By Leah Nath, Staff Writer
The department of theater arts and the Sunderman Conservatory of Music premiered their performance of “The Prom” on Thursday night. Opening night was a hit, with rousing and consistent laughter heard from the audience for a full two hours, followed by a standing ovation.
“The Prom” is a light-hearted, feel-good show about Emma, a high school girl from Indiana who wants to take her girlfriend to the prom, but she first has to overcome the near-insurmountable discrimination of her community. With its often millennial-reminiscent humor and unabashed individualism, this show speaks loudly and proudly. The promotion of inclusivity and universal value is emphasized explicitly with an intensely genuine and endearing attitude.
In such a highly polarized time, director and theatre arts professor Chris Kauffman commented on the relevance of the show’s thematic message: “…this show is shockingly more timely now than it was when it premiered in 2018 on Broadway. Consequently, now is the time for shows like ‘The Prom’ to take a stand for equality and inclusion, and to celebrate having the courage to be who you are.”
Dee Dee Allen (Adela Holahan ’24) and Barry Glickman (Aiden Ludka ’24) are struggling Broadway actors looking for an altruistic cause to improve their reputation as narcissists. They are joined by fellow actors Trent (Logan Sodl ’25) and Angie (Libby Drew ’24), as well as PR agent Sheldon (Evan Hilborn ’25) in this undertaking. The group settled on helping Emma, played by the star and lead of the show Ren Mirenda ’27. Emma is a shy yet unwavering seventeen-year-old who just wants to dance with her girlfriend, Alyssa, played by Katie Poliero ’25. Alyssa’s mother, played by Vivian Davenport ’25, leads the PTA and the community movement against Emma, making it particularly difficult for Alyssa to come out.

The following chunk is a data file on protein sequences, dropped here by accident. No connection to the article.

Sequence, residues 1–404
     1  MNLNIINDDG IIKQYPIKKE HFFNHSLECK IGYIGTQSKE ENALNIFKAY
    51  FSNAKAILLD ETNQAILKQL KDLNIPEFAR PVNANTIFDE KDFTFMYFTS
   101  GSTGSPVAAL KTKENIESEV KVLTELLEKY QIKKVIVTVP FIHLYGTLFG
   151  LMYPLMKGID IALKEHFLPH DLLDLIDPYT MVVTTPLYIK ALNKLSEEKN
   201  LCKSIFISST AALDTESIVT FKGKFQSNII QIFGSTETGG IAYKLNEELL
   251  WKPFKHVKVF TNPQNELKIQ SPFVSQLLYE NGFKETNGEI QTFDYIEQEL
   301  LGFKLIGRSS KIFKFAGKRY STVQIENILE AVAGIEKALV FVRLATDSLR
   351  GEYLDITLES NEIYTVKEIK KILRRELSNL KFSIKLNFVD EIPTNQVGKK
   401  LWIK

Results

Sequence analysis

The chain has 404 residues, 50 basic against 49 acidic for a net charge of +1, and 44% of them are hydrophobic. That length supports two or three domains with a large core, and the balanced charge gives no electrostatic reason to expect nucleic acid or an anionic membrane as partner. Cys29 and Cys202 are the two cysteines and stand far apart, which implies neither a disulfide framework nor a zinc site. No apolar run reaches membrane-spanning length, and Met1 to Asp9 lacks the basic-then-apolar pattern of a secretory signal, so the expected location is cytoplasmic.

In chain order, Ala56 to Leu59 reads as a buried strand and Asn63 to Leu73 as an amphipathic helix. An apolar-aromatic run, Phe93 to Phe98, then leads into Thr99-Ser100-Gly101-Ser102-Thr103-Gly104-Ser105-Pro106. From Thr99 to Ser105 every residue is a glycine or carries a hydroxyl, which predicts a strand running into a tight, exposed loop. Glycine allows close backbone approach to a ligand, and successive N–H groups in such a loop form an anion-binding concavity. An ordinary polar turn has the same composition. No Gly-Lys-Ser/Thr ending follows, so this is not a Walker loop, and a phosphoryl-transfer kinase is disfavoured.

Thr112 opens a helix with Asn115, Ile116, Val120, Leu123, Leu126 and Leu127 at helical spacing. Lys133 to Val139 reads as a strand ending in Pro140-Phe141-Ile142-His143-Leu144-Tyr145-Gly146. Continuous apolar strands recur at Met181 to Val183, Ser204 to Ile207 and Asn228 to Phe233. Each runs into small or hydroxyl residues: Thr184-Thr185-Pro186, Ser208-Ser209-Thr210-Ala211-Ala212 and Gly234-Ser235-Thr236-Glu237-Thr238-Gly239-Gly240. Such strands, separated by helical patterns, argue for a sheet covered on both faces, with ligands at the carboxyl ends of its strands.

Despite their characters’ self-obsessions, Holahan and Ludka brought a self-confidence to their roles that made Dee Dee and Barry highly likable. Ludka stole the audience’s hearts with his proud dancing and unshakeable spirit. Holahan filled the theater with her entrancing singing, a shining star at heart.
The true key to Dee Dee and Barry’s character improvement throughout the show was due to Emma. Mirenda sang with an effortless earnestness and seemed as comfortable on stage as one might be alone in their own house. Their quiet self-assured energy was the perfect complement to the Broadway actors’ wild liveliness and the grounding foundation for the entire cast and show. Helping Emma navigate the challenges of her town’s behavior allowed Barry to devote himself to someone outside his own interests and Dee Dee to discover the value of self-sacrifice. Dee Dee was also assisted in her transformation by high school principal Mr. Hawkins, a role which Charlie Wingert ’25 played with all the kindness and stature associated with the best type of teacher.
This musical is bright and fast-paced, entirely dependent on complete commitment to make the roles believable. The cast exceeded this necessity, seemingly having the time of their lives on stage and ensuring that the performance is nothing but delightful to witness. The ensemble of this show shone, with facial expressions and dance moves expressing overwhelming enjoyment. Sodl and Hilborn brought a joy and personal spin to their characters that are mirrored by the ensemble, making it impossible to leave this performance without a face sore from smiling.
Drew brought a warmth and elegance to her role, accompanied by a wonderful song which spurred Emma into taking a stand for her story. Despite Emma and Alyssa’s difficult journey through the plot, the two managed to come out on the other side together. They even seemed to sway Alyssa’s mother by the end of the show, whom Davenport played in a strict and highly believable manner. Mirenda and Poliero’s depth for their characters made the story satisfying to experience, and even though their voices had quite differing individual tones, their duets together were seamless and beautiful.
“The Prom” has remaining showings at The Majestic at 7:30 p.m. on Nov. 4, as well as at 2:00 p.m. on Nov. 5.
(Editor’s Note: This article was edited at 1:27 p.m. on November 6, 2023 to correct misspellings of cast members’ names. – L. Franchetti)